Curbing Housing Concerns
Last week I had the opportunity to join several of my colleagues in a meeting with Federal Reserve Board Chairman Ben Bernanke. During that meeting Chairman Bernanke discussed the importance of the government taking responsible and timely actions to address the problems facing our housing market. He rightly emphasized that America's families and small businesses are feeling the squeeze of the economic and housing market uncertainties the most.
The problems facing the housing market are considerable. A number of home mortgage lenders extended high-risk home loans to individuals regardless of their history of being denied traditional mortgages. These irresponsible lenders were regularly processing loans for individuals who had low credit rates and an insufficient income to make the necessary house payments. This negligent practice has created record numbers of home foreclosures and a plunge in home values.
The situation has seemed to snowball and a variety of solutions are being offered in the House and Senate as ways to safeguard the economy and prevent a crisis of this magnitude from happening again. Right now a major overhaul bill that will provide tax breaks for businesses and homebuyers is being debated in the Senate. This legislation may prove useful for the long-term, but lawmakers are also trying to create a more immediate, short-term relief plan to help homeowners who are currently affected by the housing situation.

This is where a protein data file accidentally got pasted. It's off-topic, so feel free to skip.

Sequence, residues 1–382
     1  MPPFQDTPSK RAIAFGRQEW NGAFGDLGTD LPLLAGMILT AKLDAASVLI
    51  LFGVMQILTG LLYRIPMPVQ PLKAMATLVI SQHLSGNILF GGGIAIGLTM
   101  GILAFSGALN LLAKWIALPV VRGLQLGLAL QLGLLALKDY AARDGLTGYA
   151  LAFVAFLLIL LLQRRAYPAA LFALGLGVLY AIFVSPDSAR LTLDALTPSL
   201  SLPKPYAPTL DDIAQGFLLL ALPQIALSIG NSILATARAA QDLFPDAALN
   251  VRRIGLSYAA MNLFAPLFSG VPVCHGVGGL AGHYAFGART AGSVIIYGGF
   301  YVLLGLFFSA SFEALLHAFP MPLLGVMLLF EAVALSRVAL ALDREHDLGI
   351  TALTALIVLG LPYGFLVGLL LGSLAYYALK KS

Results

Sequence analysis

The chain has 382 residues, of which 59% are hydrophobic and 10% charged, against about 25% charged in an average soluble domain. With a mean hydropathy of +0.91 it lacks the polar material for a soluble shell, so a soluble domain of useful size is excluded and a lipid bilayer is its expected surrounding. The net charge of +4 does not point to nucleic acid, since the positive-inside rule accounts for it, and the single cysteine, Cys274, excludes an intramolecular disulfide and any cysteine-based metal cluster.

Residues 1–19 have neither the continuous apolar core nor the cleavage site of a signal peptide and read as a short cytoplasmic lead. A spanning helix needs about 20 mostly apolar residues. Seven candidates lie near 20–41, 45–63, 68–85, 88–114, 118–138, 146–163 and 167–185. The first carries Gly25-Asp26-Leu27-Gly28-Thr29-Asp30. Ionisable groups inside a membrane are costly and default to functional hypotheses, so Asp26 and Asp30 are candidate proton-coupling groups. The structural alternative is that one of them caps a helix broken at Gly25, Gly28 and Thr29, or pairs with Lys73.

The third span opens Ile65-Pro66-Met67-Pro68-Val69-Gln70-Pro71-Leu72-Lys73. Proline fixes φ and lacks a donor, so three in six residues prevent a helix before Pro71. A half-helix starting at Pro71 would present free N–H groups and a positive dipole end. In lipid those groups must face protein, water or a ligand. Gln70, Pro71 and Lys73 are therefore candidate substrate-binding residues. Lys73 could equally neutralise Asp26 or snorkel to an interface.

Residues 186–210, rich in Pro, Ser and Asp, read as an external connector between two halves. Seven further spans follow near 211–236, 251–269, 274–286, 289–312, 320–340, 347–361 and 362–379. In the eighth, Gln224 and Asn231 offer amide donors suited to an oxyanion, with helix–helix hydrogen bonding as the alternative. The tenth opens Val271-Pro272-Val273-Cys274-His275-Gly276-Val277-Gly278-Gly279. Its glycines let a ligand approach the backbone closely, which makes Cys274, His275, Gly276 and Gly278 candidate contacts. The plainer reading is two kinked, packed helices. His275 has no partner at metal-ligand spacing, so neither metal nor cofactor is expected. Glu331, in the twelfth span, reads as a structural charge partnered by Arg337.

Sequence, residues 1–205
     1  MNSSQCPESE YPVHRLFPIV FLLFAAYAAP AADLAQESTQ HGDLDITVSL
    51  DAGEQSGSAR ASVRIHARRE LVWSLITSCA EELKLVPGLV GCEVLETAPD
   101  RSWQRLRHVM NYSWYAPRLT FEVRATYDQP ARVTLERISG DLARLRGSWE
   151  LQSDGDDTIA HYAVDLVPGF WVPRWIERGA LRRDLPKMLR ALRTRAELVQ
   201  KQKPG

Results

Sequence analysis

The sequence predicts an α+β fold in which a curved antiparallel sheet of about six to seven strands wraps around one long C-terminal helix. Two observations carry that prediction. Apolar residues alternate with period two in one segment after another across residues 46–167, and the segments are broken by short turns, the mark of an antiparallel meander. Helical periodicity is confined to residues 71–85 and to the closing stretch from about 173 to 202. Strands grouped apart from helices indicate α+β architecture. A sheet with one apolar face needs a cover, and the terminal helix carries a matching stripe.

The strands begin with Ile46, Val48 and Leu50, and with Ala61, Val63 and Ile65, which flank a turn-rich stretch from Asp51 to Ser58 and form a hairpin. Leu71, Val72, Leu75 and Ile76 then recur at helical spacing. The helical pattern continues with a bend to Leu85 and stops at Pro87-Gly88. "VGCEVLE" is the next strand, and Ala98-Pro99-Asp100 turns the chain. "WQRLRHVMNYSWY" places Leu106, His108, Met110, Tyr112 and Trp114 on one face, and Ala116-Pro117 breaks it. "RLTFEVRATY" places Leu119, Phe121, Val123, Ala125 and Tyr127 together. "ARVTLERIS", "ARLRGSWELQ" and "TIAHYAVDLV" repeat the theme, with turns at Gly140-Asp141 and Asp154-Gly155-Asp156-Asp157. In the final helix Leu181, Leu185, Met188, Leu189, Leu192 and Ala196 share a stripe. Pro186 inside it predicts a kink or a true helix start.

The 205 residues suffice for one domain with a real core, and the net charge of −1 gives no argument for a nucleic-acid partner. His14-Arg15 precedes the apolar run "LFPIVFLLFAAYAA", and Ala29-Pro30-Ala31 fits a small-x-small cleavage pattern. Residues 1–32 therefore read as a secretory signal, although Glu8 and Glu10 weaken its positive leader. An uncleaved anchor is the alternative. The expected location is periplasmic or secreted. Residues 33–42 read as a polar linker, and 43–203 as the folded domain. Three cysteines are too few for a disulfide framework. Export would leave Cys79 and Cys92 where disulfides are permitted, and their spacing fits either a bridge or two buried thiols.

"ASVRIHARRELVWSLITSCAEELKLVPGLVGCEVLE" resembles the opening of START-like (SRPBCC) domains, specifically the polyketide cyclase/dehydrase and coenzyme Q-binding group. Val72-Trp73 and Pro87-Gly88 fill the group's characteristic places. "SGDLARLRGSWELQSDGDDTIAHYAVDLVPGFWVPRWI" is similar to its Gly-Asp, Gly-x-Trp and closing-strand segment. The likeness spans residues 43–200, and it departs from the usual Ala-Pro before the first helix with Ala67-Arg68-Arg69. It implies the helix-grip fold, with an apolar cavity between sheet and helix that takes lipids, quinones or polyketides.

The market is facing a conundrum of sorts. One way to get out of the slump is for consumers to purchase homes. Unfortunately, their confidence to do so has been undermined by the uncertain market and economic conditions. Congress is debating a variety of solutions, including one that will give consumers tax credits for purchasing a home while the market rebuilds and consumer confidence in home buying recovers. This may be a viable solution, but our government cannot take the financial plunge of bailing out the risky lenders and buyers who reached beyond their means. Giving a "no strings attached" bail-out option to struggling subprime mortgage lenders is not the best option for our economy. Still, I believe some conservative, responsible actions have to be taken to make sure the housing market and banking industries do not collapse.
While we work towards finding a solution it is critical to make sure that America prospers both in the here-and-now and in the long-term. In the coming weeks I will continue to work with leaders like Chairman Bernanke to see that appropriate legislation is drafted. It must be a creative solution that boosts consumer confidence and alleviates real problems, but it cannot cripple the economy.